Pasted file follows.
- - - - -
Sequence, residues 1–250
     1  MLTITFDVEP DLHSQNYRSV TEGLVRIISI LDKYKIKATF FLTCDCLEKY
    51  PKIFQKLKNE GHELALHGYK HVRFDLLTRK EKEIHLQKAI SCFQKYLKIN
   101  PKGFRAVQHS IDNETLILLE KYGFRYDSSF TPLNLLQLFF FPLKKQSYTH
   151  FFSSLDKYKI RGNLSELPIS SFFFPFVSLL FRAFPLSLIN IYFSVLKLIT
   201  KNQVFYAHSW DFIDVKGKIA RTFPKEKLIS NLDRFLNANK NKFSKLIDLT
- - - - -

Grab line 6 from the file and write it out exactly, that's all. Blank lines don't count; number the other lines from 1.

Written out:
   201  KNQVFYAHSW DFIDVKGKIA RTFPKEKLIS NLDRFLNANK NKFSKLIDLT